La guerre est finie
DIRECTOR: Alain Resnais | WRITER: Jorge Semprún | CAST: Yves Montand, Ingrid Thulin, Geneviève Bujold, Jean Dasté, Dominique Rozan, Jean-François Rémi, Marie Mergey, Michel Piccoli | France
At first, La guerre est finie seems like it’s going to be a standard issue spy-type thriller, in this case involving Spanish exile Communists in Paris who periodically enter Spain illegally to work on the front lines in the anti-Franco underground. But this is an Alain Resnais movie so nothing is standard issue about it. The narrative is fractured, often in peculiar ways. For instance, a scene is shot from the main character’s POV while on the soundtrack we hear what he and others are saying, but over that is a narrator speaking to the main character in the second person describing to him what he’s thinking and what he’s about to do. Resnais also does something I’ve never seen in a movie before, or not quite like this, which is sort of the opposite of a flashback, not to the future itself but to an anticipated future. For instance, when Carlos/Domingo/Diego (Yves Montand) is given the particulars about meeting a contact in Spain we see brief flashes of what he’s imagining the meeting will be like based on his previous clandestine trips to Spain: the train station, how the contact will approach him, etc., which when the events do take place are not quite as Diego had anticipated.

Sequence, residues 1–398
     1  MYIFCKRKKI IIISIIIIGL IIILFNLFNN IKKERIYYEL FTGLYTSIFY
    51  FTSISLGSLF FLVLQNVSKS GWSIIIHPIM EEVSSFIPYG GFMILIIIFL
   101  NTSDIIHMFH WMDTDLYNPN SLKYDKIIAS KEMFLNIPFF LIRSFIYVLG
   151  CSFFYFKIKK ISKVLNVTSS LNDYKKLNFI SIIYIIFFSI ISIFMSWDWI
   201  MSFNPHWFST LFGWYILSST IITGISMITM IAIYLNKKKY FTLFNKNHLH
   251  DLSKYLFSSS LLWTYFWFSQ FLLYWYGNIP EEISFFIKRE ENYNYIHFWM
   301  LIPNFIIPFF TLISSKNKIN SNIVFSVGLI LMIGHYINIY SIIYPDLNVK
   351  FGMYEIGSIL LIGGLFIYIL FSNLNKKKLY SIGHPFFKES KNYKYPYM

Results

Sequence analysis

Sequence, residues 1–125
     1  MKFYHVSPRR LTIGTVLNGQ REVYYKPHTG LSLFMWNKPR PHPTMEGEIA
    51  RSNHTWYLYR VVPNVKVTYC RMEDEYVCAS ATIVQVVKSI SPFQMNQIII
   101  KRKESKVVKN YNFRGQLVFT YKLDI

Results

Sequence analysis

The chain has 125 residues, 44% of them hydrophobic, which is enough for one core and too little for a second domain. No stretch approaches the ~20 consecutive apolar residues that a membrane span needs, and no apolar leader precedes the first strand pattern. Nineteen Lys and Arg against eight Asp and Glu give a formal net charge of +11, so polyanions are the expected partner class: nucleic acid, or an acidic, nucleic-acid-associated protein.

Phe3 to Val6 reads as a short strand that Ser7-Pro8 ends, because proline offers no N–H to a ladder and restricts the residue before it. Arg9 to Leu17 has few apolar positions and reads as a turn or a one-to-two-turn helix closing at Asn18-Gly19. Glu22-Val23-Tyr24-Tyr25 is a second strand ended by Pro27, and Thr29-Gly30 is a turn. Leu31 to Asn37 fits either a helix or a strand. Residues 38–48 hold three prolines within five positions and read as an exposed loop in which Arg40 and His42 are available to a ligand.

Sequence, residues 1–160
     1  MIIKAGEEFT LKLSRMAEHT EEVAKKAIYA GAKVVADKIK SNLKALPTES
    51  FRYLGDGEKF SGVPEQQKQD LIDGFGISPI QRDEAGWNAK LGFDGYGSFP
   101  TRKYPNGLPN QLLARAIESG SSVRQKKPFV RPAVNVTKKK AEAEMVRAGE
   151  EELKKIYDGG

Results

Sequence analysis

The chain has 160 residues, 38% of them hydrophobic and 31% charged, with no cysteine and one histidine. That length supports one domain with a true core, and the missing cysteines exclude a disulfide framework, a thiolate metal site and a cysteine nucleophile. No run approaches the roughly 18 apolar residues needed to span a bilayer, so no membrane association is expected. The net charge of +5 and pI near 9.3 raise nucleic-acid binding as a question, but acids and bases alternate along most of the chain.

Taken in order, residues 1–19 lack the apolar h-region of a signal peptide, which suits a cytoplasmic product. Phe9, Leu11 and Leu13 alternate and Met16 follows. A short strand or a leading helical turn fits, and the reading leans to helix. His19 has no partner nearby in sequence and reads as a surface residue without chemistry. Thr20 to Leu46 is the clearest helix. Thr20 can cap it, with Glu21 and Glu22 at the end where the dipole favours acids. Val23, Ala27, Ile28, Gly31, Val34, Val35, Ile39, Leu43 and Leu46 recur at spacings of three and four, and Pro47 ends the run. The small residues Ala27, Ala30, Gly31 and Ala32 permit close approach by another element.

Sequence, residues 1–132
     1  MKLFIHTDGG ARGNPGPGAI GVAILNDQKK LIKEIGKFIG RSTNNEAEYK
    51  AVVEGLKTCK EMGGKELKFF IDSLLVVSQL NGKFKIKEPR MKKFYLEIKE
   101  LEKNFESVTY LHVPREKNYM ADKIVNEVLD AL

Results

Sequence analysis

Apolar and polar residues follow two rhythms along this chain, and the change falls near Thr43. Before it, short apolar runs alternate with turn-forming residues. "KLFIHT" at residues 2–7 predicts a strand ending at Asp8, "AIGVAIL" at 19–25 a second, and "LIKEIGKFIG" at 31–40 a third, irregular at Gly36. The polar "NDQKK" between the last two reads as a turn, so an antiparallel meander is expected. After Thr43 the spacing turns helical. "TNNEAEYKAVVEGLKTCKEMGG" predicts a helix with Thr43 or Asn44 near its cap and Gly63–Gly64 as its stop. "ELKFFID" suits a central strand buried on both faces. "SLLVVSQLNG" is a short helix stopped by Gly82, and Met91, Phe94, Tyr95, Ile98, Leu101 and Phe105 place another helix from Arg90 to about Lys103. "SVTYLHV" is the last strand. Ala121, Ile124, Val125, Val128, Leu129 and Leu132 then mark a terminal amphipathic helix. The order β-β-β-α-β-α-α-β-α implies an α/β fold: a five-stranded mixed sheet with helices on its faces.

This all sounds fussy and confusing, but it’s not. (La guerre est finie feels straightforward and conventional in a way that other early Resnais films absolutely do not.) Yves Montand plays a professional Communist revolutionary who’s grown weary. Just back from 6 months working with the underground in Madrid, and worried that another exile’s Spanish cover has been blown, he speaks out against armchair revolution directed from the safety of an apartment in a Paris suburb. At the same time he is appalled by the (literal) bomb-throwing terrorist activities of the younger crowd, the adult French-born children of his generation of Spanish political refugees. For him the war is over (hence the title) and no one general strike or bombs at tourist destinations will cause the immediate downfall of the Franco regime. Not that the struggle hasn’t been worth it, but it needs to be recalibrated to take into account everyday people and everyday life but no one is listening. The acting is uniformly good, with Ingrid Thulin and Geneviève Bujold (in her movie debut) standing out, but Yves Montand is absolutely superb. Due to the subtlety of Montand’s performance and the way in which Resnais shows it you get a real three dimensional sense of who this man is without having to wear those funny glasses to see it.